This says that the agreeable/neuroticism differences between men and women are moderate at best, though the people/things split is large (and only maybe bioligically influenced).
(I will merely note that the Empathizing/Systemizing wikipedia summary he links to has a fascinating criticism section. I wouldn't have incorporated it into a good faith discussion, but that's just me.)
"Extraversion expressed as gregariousness rather than assertiveness" is a whole uncited claim. Ditto "higher agreeableness."
He then repeats "neuroticism," here just linking to a Wikipedia definition of the trait, even though the actual scholarly research he cited earlier indicated that the difference between men and women is, at best, modest.
This is the first page of textual claims, ignoring the charts.
We go back to the Big Five personality differences, here hyperlinked under "research suggests" (PDF), which abstract reads:
Previous research suggested that sex differences in personality traits are larger in prosperous, healthy, and egalitarian cultures in which women have more opportunities equal with those of men. In this article, the authors report cross-cultural findings in which this unintuitive result was replicated across samples from 55 nations (N = 17,637). On responses to the Big Five Inventory, women reported higher levels of neuroticism, extraversion, agreeableness, and conscientiousness than did men across most nations. These findings converge with previous studies in which different Big Five measures and more limited samples of nations were used. Overall, higher levels of human development—including long and healthy life, equal access to knowledge and education, and economic wealth—were the main nation-level predictors of larger sex differences in personality. Changes in men’s personality traits appeared to be the primary cause of sex difference variation across cultures. It is proposed that heightened levels of sexual dimorphism result from personality traits of men and women being less constrained and more able to naturally diverge in developed nations. In less fortunate social and economic conditions, innate personality differences between men and women may be attenuated.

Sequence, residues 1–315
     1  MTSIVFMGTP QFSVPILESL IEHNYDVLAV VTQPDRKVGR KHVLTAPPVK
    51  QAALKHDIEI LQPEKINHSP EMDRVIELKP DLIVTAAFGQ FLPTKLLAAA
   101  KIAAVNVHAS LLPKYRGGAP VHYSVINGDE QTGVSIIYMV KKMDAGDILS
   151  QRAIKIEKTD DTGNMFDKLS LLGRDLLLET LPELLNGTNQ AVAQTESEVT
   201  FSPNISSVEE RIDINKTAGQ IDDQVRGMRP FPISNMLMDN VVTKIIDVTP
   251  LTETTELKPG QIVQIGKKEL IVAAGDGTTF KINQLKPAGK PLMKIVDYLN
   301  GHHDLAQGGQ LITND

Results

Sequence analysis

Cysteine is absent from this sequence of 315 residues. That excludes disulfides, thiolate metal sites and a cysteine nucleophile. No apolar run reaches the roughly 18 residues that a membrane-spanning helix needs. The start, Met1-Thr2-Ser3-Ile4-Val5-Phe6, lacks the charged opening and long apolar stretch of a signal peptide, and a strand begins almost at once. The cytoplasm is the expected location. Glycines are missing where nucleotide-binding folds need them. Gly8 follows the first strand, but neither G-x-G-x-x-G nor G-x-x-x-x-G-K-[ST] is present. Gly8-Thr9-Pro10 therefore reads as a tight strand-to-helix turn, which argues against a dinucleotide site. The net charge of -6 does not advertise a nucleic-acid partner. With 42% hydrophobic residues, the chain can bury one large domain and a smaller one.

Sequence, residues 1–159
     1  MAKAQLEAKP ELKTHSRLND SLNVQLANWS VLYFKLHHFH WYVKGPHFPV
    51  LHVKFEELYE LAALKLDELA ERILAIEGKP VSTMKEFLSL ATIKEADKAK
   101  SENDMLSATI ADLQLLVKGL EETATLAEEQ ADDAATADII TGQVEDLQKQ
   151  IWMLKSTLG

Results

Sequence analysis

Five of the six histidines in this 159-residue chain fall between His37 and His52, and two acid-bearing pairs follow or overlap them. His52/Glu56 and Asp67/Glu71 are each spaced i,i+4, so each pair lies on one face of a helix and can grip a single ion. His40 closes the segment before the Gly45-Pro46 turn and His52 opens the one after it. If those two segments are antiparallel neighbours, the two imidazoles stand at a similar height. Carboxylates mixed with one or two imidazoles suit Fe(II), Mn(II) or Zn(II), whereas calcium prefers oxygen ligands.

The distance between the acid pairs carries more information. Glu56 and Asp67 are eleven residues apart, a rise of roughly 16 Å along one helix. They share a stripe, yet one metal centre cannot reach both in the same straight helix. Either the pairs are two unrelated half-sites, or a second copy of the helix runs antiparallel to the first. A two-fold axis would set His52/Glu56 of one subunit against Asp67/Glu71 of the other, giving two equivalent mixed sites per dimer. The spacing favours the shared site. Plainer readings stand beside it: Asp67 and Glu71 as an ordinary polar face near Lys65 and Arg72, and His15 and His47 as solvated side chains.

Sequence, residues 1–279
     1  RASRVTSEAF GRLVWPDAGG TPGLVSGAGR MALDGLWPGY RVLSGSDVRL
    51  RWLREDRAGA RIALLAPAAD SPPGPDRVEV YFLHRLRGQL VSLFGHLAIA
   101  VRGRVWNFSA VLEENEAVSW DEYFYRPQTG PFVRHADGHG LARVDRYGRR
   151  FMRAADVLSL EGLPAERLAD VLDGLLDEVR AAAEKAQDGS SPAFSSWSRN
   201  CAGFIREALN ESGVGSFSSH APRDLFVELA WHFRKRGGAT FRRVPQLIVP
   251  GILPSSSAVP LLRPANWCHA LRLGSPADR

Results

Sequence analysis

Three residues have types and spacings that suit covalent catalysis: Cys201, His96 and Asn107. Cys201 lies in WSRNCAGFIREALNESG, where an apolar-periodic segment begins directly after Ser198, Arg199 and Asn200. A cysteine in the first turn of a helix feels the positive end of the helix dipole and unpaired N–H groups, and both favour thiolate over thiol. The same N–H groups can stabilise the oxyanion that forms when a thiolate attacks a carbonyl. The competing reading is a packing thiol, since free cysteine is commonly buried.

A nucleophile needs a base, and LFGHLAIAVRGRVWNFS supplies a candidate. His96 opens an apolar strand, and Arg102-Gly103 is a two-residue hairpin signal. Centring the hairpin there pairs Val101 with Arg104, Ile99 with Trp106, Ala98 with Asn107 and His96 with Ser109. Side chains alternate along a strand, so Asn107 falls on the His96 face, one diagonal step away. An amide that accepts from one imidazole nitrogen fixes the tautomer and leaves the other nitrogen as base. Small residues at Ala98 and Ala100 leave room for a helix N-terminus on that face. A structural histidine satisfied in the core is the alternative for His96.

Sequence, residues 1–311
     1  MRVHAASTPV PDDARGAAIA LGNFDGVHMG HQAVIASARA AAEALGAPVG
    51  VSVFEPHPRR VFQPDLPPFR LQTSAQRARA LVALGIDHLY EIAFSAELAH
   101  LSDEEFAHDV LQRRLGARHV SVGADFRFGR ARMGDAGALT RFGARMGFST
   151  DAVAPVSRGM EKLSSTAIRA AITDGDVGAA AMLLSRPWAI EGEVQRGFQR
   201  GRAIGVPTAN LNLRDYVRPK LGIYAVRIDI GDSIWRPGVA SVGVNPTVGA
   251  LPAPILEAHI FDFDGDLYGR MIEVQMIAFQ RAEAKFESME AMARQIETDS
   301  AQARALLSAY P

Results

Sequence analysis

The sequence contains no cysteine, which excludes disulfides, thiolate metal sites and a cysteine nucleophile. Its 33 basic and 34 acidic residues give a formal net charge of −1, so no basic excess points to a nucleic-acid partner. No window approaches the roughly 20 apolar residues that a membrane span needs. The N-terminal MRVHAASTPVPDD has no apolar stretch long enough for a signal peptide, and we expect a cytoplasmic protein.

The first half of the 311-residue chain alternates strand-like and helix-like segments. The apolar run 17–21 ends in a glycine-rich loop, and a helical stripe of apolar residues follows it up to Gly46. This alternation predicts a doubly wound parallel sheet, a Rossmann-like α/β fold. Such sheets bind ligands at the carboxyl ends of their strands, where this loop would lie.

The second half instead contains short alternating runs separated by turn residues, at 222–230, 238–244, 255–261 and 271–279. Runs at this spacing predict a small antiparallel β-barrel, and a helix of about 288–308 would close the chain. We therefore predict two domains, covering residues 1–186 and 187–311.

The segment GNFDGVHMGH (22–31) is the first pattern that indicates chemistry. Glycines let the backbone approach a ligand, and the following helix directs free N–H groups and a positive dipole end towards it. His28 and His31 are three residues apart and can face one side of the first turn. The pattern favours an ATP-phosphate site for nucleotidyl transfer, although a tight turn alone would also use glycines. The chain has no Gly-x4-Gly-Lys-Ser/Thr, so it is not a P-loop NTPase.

While this does appear to corroborate the position that women are different from men—consistently across cultures in 55 nations!—it undermines the argument that it is inherently biological, given that men's traits changed in response to economic development. In simpler terms, this does not validate the claim that these personality traits are biological in nature; rather, it suggests that they are socio-economic. (It also raises the interesting question of whether socioeconomic development primarily benefits men, thus leading to a lessening of their neuroses, and if this isn't evidence of broad-based socioeconomic discrimination against women. But I digress.)
I'm barely half-way through and even the claims section isn't holding up. Let's skip ahead, but anyone else is free to examine the claims and the citations linked against them.
Women on average show a higher interest in people and men in things